Remember, paying a fee is not a bad thing if the net result after fees gets you to the goal you desire. A lower fee does not mean the goal gets reached quicker. Sometimes a lower fee means that service suffers or that the design was "cookie cutter" instead of customized to fit the exact need of the employer. When it comes to annuity contract fees and broker fees, hopefully you're paying only a reasonable amount for the service and product provided. In a 401(k) plan, the law requires the fiduciary to act prudently to defray costs when possible.

 

Also, some employers plans are providing a 5% minimum contribution or even a 7.5% minimum contribution to employee accounts in order to avoid other costly testing. Again, without these options, many of these employers would simply not adopt any plan.

 

That being said, the ironic twist at the end is that the employees usually have a lump sum option anyway and they blow the whole amount on a boat (ok, maybe not always boat, but you get the idea).

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Guest Sierra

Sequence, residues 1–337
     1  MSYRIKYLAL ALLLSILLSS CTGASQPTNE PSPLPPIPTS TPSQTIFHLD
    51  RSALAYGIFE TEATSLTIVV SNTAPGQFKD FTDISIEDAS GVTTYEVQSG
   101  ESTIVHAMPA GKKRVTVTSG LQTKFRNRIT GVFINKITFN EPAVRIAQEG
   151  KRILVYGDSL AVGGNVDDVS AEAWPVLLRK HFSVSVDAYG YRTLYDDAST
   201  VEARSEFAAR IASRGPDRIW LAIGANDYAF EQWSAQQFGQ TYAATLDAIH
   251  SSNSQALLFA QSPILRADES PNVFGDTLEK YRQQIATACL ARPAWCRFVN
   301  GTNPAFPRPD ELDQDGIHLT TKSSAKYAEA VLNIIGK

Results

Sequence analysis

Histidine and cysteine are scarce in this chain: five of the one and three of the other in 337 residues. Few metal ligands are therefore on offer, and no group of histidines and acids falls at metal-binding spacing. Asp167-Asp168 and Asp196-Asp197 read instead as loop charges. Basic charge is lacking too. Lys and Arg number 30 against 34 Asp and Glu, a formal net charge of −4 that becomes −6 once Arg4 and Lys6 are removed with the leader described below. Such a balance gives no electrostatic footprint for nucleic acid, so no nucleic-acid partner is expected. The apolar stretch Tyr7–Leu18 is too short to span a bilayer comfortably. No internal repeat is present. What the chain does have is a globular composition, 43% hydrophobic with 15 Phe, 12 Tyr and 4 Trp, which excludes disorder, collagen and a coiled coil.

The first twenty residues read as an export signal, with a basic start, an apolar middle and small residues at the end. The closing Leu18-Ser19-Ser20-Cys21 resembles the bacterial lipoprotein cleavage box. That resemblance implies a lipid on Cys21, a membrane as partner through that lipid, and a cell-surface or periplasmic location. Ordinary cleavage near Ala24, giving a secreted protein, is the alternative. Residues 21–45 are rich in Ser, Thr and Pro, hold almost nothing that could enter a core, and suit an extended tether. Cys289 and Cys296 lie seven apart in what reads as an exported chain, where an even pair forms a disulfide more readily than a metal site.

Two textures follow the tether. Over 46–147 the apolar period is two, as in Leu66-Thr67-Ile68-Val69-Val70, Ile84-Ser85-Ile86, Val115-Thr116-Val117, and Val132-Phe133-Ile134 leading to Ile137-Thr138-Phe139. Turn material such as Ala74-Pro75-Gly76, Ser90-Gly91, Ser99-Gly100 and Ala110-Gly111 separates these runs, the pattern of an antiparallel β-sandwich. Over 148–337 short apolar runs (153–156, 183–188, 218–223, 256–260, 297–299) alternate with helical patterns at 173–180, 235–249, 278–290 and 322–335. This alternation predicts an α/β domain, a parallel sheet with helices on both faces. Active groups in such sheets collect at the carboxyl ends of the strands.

How many school districts operate their own retirement system? They have the legal right to do so but recognize that a statewide system can do it better. The same rationale should apply to salary reduction savings plans ie 403(b). But we already have statewide 457(b) plans and many allow their local public employers including school districts to opt in. You get rid of the 403(b) mess by not using it! School districts throughout the US should make sure that their employees are given the opportunity to participate in their respective state's 457(b) plan. PROBLEM SOLVED!!!

 

Before a school district cleans up its 403(b) act it should at least make sure that the State's 457(b) Plan, like the State's Defined Benefit Pension Plan, is made available to those employees who would like to participate. This is not brain science!

 

Peace and hope,

Joel

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In response to AR Teacher: